A special mail-only election will be held in November for a select few San Luis Obispo voters to determine the future of a 231-acre stretch of unincorporated land that the city wants to control.
The San Luis Obispo City Council voted 4-0 Tuesday to set an election for Nov. 15 for the 54 registered voters living in the disputed part of the Orcutt area southeast of the city limits. Mayor Jan Marx recused herself because she owns property near the area at issue.
The election was triggered when opponents of a plan to annex that area into San Luis Obispo filed enough protest letters in July with the local agency in charge of reviewing the proposed annexation.
The majority of property owners living in that area have long sought to have their lands annexed into the city for future development.
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The city, which adopted a specific plan for the area to manage the growth there in 2010, even paid for the annexation application to show its support for the future development of the area within city limits.
The stretch of open hillside could eventually be developed to include nearly 1,000 new homes, a shopping center, 20 acres of parks and open space, including Righetti Hill, and possibly a new school. Complete development is expected to take up to 30 years.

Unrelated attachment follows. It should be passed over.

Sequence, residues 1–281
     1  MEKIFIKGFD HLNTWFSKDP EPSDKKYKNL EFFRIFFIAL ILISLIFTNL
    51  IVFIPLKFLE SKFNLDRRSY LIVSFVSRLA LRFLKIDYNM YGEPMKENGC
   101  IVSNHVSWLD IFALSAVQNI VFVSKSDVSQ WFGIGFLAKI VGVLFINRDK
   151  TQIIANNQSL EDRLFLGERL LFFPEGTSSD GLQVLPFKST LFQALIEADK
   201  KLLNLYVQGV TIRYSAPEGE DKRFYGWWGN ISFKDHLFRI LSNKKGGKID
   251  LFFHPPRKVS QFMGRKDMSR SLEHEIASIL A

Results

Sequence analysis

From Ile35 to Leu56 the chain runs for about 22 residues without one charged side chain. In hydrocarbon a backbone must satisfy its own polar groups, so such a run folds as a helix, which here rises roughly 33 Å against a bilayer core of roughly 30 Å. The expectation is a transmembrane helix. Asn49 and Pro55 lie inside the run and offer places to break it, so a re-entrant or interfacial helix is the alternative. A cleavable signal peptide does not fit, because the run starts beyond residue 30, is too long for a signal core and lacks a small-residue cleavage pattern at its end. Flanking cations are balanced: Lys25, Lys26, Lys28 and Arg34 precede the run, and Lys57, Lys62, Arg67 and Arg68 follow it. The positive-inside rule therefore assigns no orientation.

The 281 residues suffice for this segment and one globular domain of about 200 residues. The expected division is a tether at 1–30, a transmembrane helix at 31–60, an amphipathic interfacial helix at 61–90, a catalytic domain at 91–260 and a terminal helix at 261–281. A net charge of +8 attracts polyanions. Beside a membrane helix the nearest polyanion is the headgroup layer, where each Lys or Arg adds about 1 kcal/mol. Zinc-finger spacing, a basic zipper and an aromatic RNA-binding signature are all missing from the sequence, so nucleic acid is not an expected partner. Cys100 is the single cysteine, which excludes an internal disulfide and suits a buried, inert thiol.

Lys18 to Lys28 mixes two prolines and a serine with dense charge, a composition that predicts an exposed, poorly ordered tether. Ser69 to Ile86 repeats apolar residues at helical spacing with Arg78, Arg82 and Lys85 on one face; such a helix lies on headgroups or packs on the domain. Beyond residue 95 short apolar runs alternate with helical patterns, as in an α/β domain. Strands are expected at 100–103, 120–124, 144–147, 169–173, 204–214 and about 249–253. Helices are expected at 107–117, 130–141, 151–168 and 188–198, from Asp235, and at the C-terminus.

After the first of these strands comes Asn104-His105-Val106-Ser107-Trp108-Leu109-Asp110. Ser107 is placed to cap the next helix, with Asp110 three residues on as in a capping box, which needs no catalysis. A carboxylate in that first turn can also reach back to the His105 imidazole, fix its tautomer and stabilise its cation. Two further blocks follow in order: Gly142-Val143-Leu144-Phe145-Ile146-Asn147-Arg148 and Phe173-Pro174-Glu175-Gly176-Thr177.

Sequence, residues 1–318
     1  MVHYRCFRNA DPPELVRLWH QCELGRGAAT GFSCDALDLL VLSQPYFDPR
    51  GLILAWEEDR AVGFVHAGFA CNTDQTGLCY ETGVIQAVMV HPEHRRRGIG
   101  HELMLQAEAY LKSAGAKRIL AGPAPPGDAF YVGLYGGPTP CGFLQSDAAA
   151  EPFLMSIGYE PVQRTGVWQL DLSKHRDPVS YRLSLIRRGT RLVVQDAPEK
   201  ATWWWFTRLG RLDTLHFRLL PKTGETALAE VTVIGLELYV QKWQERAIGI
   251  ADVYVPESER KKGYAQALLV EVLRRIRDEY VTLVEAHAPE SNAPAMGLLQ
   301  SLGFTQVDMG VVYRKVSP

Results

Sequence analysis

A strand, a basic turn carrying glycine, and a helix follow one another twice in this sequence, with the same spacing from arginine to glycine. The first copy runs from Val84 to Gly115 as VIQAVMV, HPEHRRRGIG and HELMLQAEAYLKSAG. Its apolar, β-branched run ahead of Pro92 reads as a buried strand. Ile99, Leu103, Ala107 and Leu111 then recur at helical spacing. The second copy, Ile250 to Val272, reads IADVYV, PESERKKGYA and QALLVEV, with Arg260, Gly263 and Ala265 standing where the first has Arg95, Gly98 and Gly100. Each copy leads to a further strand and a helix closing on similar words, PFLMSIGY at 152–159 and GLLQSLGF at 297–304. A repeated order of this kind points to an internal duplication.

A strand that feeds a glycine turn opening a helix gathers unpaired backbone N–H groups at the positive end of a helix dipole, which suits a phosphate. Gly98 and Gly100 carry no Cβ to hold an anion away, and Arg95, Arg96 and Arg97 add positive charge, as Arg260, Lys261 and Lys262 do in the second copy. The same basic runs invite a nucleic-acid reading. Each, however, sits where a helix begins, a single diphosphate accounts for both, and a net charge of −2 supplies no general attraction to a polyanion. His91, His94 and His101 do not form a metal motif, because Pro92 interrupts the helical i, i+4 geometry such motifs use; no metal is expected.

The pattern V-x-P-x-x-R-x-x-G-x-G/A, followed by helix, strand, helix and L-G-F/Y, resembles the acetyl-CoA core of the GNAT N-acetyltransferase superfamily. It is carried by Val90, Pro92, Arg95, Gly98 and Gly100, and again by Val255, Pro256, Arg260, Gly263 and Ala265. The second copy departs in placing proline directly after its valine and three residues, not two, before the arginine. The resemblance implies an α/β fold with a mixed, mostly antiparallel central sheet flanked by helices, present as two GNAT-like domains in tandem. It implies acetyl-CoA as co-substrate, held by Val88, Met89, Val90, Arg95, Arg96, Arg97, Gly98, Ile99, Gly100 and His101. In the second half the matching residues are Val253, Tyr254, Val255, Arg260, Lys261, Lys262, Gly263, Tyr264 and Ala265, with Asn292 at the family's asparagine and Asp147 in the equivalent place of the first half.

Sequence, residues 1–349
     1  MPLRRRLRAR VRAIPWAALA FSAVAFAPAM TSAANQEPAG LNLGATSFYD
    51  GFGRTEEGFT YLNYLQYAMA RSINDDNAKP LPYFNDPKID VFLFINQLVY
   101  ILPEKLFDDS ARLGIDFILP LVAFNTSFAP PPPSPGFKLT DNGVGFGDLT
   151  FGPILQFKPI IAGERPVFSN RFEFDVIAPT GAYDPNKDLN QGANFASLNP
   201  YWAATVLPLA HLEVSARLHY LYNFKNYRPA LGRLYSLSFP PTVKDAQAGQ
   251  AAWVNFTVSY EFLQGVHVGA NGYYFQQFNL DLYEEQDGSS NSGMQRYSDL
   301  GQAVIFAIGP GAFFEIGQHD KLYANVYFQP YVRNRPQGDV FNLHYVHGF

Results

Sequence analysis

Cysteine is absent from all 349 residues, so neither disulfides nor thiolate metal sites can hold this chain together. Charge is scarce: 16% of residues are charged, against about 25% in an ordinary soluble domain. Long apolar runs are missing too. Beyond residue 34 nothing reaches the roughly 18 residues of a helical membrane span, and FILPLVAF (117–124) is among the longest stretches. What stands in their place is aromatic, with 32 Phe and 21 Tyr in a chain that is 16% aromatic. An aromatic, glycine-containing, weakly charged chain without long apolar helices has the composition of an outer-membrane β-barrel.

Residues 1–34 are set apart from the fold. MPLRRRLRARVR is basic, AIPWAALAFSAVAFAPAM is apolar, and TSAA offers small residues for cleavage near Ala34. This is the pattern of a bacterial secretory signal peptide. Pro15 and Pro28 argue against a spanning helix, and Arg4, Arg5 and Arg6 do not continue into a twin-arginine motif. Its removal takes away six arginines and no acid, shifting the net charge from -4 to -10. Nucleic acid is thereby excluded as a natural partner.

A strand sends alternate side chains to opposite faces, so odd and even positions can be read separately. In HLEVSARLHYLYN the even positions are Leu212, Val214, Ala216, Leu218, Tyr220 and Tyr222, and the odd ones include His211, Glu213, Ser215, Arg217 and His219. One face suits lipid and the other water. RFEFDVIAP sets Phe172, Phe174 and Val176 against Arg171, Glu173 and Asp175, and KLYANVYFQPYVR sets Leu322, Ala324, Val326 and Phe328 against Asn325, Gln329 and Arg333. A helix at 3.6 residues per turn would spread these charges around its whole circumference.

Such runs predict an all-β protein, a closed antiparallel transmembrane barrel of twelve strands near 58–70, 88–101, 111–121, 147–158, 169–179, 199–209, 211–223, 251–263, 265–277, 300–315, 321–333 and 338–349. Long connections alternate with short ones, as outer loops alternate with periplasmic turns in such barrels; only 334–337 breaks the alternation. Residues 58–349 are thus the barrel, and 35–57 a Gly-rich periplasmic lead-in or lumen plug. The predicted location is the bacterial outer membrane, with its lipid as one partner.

Only the 54 registered voters living in the area will be eligible to vote. A majority vote, 50 percent plus one, would be needed to overturn the annexation approved by the San Luis Obispo Local Agency Formation Commission in April.
This will be the second mail-only election in the city this year. On Aug. 30, citywide voters will determine the fate of two measures centered on pay and compensation for city employees.
The election on the annexation will be handled by the county Clerk-Recorder’s Office and will cost the city an estimated $2,000.
The council also decided Tuesday to decline a staff suggestion to form an ad hoc subcommittee that would have had two council members craft ballot arguments in favor of annexation, despite pleas by Councilman John Ashbaugh to allow him to do so.
Ashbaugh said he felt the council should represent the city’s interest in the annexation moving forward.The city will ask David Church, the commission’s executive director, to write the impartial analysis on the proposal, which will be due Sept. 9.